Major Robert Nevill Cobbold, 99186 3rd Bn Welsh Guards died on 27th May 1944 at the Battle of Cassino aged 39. He is buried in the Cassino War Cemetery, VIII B 13 in Italy.
His headstone is inscribed "In this rich earth a richer dust concealed that is for ever England." He is also commemorated at Eton and on the Marble Memorial for the Welsh Guards, Italian Campaign, February 1944 - April 1945, at St Mark's English Church, Florence; and on the Tattingstone War Memorial in Suffolk.
"The news of Robert Cobbold's death in action in Italy will have come as a cruel blow, not only to his family, but to all those, in every walk of life, who were privileged to enjoy his friendship. For with him the art of friendship was a gift rich and rare, & to see him again, however often, was to experience anew a thrill of pleasure. It seemed as if care and worries were all swept aside in the warmth of his welcome, and one felt, immediately, a strange sense of happiness and contentment, and a renewed joy in life.
And how he himself enjoyed his own life, in all its varied aspects! He was supremely happy in his family business, where his compelling charm won him so many friends, and it is possibly here that he will be missed most of all. But there will be many, who, like the writer, shared with him all his other interests, who will feel that, by his passing, they have lost something precious and irreplaceable - something of the spirit of companionship and happiness which were so peculiarly his.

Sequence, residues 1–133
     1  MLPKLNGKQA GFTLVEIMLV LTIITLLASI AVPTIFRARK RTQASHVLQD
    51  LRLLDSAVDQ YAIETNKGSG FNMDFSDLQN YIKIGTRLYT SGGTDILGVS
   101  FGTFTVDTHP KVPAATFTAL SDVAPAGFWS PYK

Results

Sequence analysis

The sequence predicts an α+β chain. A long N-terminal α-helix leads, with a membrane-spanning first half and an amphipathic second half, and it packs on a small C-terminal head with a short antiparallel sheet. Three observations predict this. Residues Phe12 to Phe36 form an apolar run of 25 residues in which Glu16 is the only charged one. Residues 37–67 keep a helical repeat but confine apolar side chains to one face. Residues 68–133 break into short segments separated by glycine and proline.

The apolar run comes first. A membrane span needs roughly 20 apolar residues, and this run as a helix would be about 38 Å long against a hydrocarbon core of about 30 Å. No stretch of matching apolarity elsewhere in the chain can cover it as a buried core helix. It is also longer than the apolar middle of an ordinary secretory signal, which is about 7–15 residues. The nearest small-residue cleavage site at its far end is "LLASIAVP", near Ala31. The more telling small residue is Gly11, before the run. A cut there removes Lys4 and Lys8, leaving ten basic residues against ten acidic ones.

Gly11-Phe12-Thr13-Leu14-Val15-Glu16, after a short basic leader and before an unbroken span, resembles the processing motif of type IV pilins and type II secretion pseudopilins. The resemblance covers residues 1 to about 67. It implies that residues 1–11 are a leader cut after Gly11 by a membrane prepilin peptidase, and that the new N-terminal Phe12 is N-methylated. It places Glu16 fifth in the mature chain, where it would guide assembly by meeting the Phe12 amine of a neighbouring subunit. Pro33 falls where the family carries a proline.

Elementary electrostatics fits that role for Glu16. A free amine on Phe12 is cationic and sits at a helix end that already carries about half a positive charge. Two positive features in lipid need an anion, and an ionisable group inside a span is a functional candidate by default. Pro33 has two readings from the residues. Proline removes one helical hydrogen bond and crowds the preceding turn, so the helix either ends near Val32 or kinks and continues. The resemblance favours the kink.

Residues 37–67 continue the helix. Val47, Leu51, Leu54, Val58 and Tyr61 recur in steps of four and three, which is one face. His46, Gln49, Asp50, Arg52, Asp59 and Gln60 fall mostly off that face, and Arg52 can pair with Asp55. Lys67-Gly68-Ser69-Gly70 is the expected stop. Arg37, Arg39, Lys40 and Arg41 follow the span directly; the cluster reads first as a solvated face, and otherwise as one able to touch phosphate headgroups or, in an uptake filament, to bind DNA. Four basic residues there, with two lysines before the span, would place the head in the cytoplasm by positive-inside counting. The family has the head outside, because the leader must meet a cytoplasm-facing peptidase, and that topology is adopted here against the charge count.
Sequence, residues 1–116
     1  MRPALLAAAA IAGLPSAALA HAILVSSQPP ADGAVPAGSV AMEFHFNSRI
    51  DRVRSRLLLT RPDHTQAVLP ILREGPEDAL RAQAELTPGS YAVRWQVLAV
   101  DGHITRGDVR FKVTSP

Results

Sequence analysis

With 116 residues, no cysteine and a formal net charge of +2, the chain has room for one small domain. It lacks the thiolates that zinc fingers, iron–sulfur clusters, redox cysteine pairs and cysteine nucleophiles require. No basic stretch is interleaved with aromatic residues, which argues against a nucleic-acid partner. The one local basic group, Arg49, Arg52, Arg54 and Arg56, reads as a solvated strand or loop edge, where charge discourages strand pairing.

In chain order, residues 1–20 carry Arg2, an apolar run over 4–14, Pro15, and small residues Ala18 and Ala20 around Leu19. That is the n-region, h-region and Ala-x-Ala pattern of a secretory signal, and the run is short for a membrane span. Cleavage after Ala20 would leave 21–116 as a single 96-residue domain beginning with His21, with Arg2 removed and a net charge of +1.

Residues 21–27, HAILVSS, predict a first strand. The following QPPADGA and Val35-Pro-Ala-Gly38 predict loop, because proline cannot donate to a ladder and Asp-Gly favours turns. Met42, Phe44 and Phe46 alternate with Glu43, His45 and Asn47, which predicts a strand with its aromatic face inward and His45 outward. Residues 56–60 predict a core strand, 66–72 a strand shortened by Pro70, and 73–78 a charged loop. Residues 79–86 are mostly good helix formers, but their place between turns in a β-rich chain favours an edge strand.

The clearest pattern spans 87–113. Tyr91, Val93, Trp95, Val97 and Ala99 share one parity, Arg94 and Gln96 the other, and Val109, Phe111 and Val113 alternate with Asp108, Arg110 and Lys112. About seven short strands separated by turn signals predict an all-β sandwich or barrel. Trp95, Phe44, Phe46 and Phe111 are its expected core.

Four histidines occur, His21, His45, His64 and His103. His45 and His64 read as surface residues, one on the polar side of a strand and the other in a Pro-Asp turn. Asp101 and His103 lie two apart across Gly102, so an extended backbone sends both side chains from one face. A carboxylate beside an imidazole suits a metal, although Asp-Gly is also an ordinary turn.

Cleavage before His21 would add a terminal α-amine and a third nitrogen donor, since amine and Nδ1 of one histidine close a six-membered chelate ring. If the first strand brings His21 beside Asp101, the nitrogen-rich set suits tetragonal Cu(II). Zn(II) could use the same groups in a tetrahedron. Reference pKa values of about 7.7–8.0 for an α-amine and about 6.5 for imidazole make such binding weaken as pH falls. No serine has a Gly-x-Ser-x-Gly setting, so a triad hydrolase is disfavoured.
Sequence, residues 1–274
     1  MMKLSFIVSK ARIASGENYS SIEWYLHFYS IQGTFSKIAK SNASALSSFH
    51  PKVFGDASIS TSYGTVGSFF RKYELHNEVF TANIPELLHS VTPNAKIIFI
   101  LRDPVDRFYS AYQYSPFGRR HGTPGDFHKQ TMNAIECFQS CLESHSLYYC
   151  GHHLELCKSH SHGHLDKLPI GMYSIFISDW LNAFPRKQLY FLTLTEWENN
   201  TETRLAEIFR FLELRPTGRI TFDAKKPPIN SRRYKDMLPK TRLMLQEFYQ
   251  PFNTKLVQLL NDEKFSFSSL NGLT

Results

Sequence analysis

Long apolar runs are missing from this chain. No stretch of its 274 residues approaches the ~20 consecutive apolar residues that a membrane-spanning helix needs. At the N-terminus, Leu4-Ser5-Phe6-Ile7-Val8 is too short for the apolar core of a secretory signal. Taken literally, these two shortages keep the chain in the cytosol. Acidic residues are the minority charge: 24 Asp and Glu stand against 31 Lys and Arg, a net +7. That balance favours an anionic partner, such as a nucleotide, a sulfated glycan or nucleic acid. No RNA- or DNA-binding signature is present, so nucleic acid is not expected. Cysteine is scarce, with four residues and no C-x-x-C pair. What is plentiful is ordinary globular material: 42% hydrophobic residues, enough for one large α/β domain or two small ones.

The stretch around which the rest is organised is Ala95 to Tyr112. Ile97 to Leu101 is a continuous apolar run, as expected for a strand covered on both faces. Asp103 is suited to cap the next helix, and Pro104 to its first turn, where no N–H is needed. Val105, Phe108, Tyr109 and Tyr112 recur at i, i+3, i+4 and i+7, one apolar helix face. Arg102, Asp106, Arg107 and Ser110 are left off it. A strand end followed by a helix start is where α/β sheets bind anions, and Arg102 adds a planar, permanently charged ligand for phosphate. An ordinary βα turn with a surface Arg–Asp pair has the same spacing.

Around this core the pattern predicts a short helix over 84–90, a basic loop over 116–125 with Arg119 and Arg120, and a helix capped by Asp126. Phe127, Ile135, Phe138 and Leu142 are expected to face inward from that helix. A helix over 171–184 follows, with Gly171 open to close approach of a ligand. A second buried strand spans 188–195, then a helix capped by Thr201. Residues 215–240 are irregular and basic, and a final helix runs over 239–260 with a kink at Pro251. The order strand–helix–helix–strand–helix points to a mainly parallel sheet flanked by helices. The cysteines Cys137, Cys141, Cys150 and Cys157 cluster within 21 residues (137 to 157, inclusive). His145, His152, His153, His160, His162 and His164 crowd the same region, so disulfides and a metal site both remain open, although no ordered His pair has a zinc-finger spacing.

Those who have shot or fished with him, or seen him with his beloved dogs, or, on a golf course, running, always running, down the fairway, will know that this is so. For he contributed, all unconsciously, so much to our enjoyment that, without him, it will not, and cannot, be the same again. The spice is gone.
To his wife, who shared his happy life for so tragically few years, and to all his family - and perhaps most of all, to his father, to whom he was, as a friend has said to the writer, "a part of his daily life" - the hearts of all who knew Robert Cobbold will go out in true and generous sympathy. Their loss is grievous, but the memories - golden, bright and happy - will always remain. "For Death he taketh all away, but these he cannot take". May these memories serve as a comfort to his family - and, indeed to us all - in the years that lie ahead".
The Times, August 18th 1944.